Sally Taylor goes her own way
Sally Taylor with her mom (Carly Simon)
by Seth Rogovoy
(GREAT BARRINGTON, Mass., August 1, 2002) -- Before she had even made her first album, record labels were sniffing around Sally Taylor, smelling an easy marketing opportunity in the daughter of James Taylor and Carly Simon.
But rather than succumb to the lures of a big advance and major-label backing, Taylor was utterly turned off by their interest, which obviously had nothing to do with her as an artist and everything to do with her as a commodity to be sold on the basis of her genetic heritage.
“I didn’t want to take part in that,” said Taylor, who performs at Club Helsinki (528-3394) in Great Barrington this Sunday at 9.
While it might seem obvious that Taylor would wind up being a singer-songwriter since her parents are James Taylor and Carly Simon, Taylor says it happened accidentally. She taught herself to play guitar at age 21 while she was attending Brown University, where she majored in medical anthropology.
“I found myself writing music and I found myself in a studio and with a band and I don’t really know how this all happened,” she said. “I think the final commitment to being a musician came when I was offered a gig in California in 1998. The big decision was whether to rent a van or to buy a van, and that was it. I bought it, and now I have to continue because I’m still paying off the van.”
Taylor’s three albums, “Tomboy Bride,” “Apt. 6S” and “Shotgun” – all of which she has released independently on her own Blue Elbow label -- bear little direct resemblance to her parents’ music. “Driving Me Crazy” on “Shotgun” is more like Nirvana than anything her parents ever recorded, and “Justin Tyme” is more like Wilco’s alternative country-rock than her father’s “Country Road.”
Still, Taylor undoubtedly absorbed some of her parents music. “Dvoren” from “Shotgun” is a bit of dark, jazzy soul-pop that wouldn’t have been out of place on one of her mother’s albums from the 1970s, and “Missing Part” is a solo acoustic-guitar and vocal effort not unlike some of dad’s.
“My parents are a great influence on me musically,” she said. “They’ve inspired me to dig really deep into the songs, not just let them come out, but really work on the songs, because they’re such great writers.”
But the greatest lessons Taylor has learned from her parents are how to deal with the music business. “They’ve been influential in helping me to decide not to go with a major label,” she said. “The industry has changed dramatically, and they’ve watched it grow up.
“But being a kid and watching it grow up through them, what can happen once you sign a record deal is you give up the education in order to be a songwriter or performer or a musician. And I feel with the sacrifice of the knowledge of what goes into producing and distributing the end product, you become completely dependent on the people who are robbing you.
“I think that most labels are not set up to nurture or to develop new artists or to do anything except gamble on which band is going to make it. That’s not something I want to support or take part in.”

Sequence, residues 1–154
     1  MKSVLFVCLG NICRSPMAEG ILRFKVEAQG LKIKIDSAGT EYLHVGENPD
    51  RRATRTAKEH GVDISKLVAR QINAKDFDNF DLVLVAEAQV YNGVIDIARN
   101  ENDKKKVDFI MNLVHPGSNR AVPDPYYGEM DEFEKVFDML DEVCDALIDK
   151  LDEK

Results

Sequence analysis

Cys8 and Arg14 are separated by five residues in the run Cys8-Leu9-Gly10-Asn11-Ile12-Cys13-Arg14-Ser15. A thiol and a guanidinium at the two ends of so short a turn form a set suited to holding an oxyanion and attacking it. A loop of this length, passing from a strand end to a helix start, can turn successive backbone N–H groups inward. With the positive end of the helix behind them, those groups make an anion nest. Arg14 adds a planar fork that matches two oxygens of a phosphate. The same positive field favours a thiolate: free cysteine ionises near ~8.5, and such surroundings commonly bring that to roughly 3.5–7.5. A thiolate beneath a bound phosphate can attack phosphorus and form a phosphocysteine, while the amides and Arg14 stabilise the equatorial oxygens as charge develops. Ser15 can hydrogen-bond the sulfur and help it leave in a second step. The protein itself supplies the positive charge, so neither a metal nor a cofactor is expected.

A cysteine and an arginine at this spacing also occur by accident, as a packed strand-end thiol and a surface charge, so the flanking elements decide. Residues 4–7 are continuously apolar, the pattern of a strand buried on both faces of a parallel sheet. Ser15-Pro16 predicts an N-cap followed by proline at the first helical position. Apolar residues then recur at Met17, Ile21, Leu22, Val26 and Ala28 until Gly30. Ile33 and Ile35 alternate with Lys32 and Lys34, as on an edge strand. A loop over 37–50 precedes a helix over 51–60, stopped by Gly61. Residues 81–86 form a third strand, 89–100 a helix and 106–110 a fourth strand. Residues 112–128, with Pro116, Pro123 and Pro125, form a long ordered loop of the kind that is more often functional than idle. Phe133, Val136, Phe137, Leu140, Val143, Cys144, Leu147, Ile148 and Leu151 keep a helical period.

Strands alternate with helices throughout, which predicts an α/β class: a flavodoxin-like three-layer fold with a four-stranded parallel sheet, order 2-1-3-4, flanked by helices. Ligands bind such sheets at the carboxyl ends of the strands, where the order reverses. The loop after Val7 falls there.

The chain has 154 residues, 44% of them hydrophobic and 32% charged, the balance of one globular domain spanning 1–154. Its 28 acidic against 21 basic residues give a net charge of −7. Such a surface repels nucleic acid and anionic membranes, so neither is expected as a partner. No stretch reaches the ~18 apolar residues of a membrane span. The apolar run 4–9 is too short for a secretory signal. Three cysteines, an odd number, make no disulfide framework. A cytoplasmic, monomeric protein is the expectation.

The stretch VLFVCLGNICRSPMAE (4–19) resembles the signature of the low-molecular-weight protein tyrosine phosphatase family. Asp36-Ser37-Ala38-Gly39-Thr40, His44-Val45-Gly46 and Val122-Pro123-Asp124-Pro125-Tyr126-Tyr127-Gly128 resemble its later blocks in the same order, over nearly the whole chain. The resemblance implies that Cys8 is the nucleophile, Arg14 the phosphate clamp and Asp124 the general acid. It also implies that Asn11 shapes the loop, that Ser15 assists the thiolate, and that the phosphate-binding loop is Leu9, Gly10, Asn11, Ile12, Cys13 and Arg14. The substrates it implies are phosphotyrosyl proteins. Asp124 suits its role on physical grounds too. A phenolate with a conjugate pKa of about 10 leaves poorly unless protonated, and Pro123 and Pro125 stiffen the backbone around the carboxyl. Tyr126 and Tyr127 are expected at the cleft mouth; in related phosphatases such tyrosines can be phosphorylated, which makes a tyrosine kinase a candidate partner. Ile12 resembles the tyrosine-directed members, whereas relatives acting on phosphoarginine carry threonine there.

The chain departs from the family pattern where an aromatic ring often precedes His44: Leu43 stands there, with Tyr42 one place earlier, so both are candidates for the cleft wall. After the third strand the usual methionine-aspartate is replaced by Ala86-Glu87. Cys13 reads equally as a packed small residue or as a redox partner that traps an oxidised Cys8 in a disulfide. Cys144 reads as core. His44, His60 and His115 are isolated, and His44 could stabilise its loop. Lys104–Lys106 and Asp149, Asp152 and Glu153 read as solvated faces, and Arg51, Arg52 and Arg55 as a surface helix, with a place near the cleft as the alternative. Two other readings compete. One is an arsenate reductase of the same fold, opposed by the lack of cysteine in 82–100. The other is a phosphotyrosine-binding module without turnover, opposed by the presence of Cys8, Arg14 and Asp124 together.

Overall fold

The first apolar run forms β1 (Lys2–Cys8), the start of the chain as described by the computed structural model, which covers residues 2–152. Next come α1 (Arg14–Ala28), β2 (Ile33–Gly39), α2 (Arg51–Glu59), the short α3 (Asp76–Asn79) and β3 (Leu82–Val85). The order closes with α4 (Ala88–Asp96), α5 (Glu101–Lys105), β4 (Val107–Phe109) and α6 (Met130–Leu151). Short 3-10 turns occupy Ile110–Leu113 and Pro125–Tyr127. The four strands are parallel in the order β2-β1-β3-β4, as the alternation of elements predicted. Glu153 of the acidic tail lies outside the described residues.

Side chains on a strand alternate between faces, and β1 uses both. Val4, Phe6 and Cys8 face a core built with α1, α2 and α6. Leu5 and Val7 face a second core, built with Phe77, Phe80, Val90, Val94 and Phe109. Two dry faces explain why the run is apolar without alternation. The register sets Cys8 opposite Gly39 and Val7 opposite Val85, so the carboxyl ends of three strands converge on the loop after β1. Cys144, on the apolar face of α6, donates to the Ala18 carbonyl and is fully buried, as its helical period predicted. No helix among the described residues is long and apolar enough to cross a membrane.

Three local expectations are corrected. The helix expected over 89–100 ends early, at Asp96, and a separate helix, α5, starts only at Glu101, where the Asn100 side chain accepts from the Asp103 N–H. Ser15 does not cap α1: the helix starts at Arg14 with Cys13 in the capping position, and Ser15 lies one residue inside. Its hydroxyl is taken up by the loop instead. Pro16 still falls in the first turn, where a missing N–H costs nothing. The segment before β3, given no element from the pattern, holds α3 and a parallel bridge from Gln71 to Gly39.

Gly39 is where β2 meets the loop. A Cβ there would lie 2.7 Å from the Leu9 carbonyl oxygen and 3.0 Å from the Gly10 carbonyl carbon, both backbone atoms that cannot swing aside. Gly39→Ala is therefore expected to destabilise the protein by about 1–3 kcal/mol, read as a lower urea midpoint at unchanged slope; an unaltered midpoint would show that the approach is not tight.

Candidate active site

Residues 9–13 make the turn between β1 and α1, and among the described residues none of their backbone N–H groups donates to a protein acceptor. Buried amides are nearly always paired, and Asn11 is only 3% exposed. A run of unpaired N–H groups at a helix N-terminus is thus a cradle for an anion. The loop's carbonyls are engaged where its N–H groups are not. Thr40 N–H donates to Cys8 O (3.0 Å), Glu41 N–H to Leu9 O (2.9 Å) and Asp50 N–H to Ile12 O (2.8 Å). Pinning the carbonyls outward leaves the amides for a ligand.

Les Sampou’s blues
Les Sampou does a wonderful thing on her latest CD, “Borrowed and Blue” (Monando), a collection of originals and vintage country-blues by the likes of Mississippi Fred McDowell, Tommy Johnson, Robert Johnson and Mississippi John Hurt, featuring just Sampou’s intimate vocals and her bluesy slide and six-string guitar-playing. In the liner notes, Sampou confesses that she’s no blues scholar, that she doesn’t know Delta from Memphis from Piedmont blues, and that she doesn’t claim to be playing the songs in their original styles.
It’s probably that unselfconscious lack of academic pretense that makes Sampou’s blues sound so natural, whether she’s singing Blind Willie McTell’s “Statesboro Blues,” Blind Blake’s “Police Dog Blues,” or “Meet Me in the Morning” by latter-day bluesman Bob Dylan. It’s also probably why you’d be hard put to separate the vintage blues tunes from the half-dozen or so originals that Sampou includes on the album, the follow-up to her eponymous, 1999 singer-songwriter album on Rounder.
Sampou, who calls eastern Massachusetts home, also has recorded albums called “Fall From Grace” and “Sweet Perfume.” She performs on Saturday night at 8 at the Guthrie Center (528-1955) in Housatonic.
Those itching for a fix of big-name jazz before the two big Berkshire festivals that take place at the end of this month can head down to Goshen, Conn., this weekend, where legendary tenor saxophonist Sonny Rollins headlines the seventh-annual Litchfield Jazz Festival on Friday night. The Mingus Big Band tops the bill on Saturday night, and Paquito D’Rivera brings down the curtain on the festival on Sunday night.
Also on the bill over the course of the weekend are vocalist Diane Schuur, jazz harmonica genius Toots Thielemans, Kenny Rankin, Kenny Werner, Danilo Perez and Tom Harrell. For more info call 860-567-4506 or visit www.litchfieldjazzfest.com.
[This column originally appeared in the Berkshire Eagle on August 1, 2002. Copyright Seth Rogovoy 2002. All rights reserved.]
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